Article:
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PLoS One. 2015 Jul 8;10(7):e0126023. doi: 10.1371/journal.pone.0126023. eCollection 2015.

Replacing Non-Active Video Gaming by Active Video Gaming to Prevent Excessive Weight Gain in Adolescents.

Author information

1
Department of Health Sciences and the EMGO Institute for Health and Care Research, Faculty of Earth and Life Sciences, VU University Amsterdam, The Netherlands; Body@Work, Research Center Physical Activity, Work and Health, TNO- VU/VUmc, VU University Medical Center, Amsterdam, The Netherlands; TNO, Expertise Centre Life Style, Leiden, The Netherlands.
2
Department of Epidemiology & Biostatistics and EMGO Institute for Health and Care Research, VU University Medical Center, Amsterdam, The Netherlands.
3
Body@Work, Research Center Physical Activity, Work and Health, TNO- VU/VUmc, VU University Medical Center, Amsterdam, The Netherlands; Department of Public and Occupational Health and the EMGO Institute for Health and Care Research, VU University Medical Center, Amsterdam, The Netherlands.
4
Department of Health Sciences and the EMGO Institute for Health and Care Research, Faculty of Earth and Life Sciences, VU University Amsterdam, The Netherlands.
5
Chairgroup Strategic Communication, Sub-department Communication, Philosophy and Technology: Centre for Integrative Development, Wageningen University and Research Centre Wageningen, Wageningen, The Netherlands.

Abstract

OBJECTIVE:

The aim of the current study was to evaluate the effects of and adherence to an active video game promotion intervention on anthropometrics, sedentary screen time and consumption of sugar-sweetened beverages and snacks among non-active video gaming adolescents who primarily were of healthy weight.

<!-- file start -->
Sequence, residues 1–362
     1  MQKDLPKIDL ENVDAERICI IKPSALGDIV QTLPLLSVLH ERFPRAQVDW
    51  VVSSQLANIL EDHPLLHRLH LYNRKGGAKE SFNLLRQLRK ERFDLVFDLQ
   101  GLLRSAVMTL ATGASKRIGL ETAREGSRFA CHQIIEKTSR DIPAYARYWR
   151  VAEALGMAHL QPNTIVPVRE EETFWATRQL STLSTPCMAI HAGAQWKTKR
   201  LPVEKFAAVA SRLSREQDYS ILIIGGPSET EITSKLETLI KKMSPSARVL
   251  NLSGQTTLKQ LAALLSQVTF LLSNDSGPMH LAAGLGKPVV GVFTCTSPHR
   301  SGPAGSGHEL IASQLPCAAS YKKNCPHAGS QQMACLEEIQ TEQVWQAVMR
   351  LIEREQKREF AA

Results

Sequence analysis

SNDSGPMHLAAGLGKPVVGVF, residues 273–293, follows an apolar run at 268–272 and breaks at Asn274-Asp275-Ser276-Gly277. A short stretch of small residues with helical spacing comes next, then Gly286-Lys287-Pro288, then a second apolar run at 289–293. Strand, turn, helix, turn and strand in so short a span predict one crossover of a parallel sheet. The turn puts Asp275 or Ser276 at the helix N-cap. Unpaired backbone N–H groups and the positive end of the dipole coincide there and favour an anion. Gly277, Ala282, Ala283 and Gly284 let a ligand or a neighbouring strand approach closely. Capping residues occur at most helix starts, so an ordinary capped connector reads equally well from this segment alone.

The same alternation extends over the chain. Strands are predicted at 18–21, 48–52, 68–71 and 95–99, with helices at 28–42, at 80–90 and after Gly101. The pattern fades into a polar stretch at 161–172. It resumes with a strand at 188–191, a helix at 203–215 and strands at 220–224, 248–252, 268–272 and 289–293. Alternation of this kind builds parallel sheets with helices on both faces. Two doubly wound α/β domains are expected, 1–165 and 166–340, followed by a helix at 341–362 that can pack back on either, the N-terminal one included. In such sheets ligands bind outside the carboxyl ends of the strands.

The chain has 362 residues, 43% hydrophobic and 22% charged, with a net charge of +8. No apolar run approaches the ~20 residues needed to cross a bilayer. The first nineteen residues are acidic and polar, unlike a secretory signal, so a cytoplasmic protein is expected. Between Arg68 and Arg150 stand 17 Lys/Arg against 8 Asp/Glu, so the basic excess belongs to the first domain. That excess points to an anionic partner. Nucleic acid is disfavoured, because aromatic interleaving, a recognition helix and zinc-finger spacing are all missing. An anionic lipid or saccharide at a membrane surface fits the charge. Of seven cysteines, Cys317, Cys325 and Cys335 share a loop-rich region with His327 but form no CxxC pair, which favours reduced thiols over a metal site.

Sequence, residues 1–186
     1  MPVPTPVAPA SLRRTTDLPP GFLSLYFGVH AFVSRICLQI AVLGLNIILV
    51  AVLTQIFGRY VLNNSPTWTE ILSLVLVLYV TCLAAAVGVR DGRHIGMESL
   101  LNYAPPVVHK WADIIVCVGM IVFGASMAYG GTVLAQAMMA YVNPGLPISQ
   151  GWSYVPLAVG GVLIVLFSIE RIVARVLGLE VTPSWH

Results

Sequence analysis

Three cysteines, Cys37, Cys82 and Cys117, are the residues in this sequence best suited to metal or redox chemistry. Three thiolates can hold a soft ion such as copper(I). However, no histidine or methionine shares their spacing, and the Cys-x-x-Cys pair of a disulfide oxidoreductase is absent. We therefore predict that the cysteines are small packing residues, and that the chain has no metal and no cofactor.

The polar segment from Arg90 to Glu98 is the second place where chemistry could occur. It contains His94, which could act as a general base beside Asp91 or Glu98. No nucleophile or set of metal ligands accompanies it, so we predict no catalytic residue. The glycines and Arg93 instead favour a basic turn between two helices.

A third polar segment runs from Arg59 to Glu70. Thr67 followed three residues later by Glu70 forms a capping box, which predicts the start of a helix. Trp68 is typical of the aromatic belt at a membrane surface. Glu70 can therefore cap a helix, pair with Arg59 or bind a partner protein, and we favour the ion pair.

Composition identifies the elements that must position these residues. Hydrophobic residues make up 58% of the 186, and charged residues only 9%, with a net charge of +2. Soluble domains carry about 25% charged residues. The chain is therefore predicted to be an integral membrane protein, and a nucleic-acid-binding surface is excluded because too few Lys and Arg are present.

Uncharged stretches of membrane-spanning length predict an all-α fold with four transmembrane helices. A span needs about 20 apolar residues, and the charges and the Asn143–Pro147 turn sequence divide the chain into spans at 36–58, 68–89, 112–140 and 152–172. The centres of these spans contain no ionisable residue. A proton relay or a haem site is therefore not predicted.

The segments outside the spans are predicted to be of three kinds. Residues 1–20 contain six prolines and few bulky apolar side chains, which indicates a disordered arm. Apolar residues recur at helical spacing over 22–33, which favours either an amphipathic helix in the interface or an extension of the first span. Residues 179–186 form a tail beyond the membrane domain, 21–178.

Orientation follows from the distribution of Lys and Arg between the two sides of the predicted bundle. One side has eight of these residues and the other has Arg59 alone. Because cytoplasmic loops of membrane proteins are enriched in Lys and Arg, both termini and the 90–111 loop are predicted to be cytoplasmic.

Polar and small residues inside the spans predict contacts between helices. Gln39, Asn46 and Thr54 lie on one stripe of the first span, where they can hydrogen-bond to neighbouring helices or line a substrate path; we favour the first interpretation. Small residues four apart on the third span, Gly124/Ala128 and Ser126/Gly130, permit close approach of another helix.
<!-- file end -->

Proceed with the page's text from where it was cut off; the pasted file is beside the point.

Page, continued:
METHODS:

We assigned 270 gaming (i.e. ≥ 2 hours/week non-active video game time) adolescents randomly to an intervention group (n = 140) (receiving active video games and encouragement to play) or a waiting-list control group (n = 130). BMI-SDS (SDS = adjusted for mean standard deviation score), waist circumference-SDS, hip circumference and sum of skinfolds were measured at baseline, at four and ten months follow-up (primary outcomes). Sedentary screen time, physical activity, consumption of sugar-sweetened beverages and snacks, and process measures (not at baseline) were assessed with self-reports at baseline, one, four and ten months follow-up. Multi-level-intention to treat-regression analyses were conducted.

RESULTS:

The control group decreased significantly more than the intervention group on BMI-SDS (β = 0.074, 95%CI: 0.008;0.14), and sum of skinfolds (β = 3.22, 95%CI: 0.27;6.17) (overall effects). The intervention group had a significantly higher decrease in self-reported non-active video game time (β = -1.76, 95%CI: -3.20;-0.32) and total sedentary screen time (Exp (β = 0.81, 95%CI: 0.74;0.88) than the control group (overall effects). The process evaluation showed that 14% of the adolescents played the Move video games every week ≥ 1 hour/week during the whole intervention period.

CONCLUSIONS:

The active video game intervention did not result in lower values on anthropometrics in a group of 'excessive' non-active video gamers (mean ~ 14 hours/week) who primarily were of healthy weight compared to a control group throughout a ten-month-period. Even some effects in the unexpected direction were found, with the control group showing lower BMI-SDS and skin folds than the intervention group. The intervention did result in less self-reported sedentary screen time, although these results are likely biased by social desirability.

TRIAL REGISTRATION:

Dutch Trial Register NTR3228.

PMID:
26153884
PMCID:
PMC4496035
DOI:
10.1371/journal.pone.0126023
[Indexed for MEDLINE]
Free PMC Article

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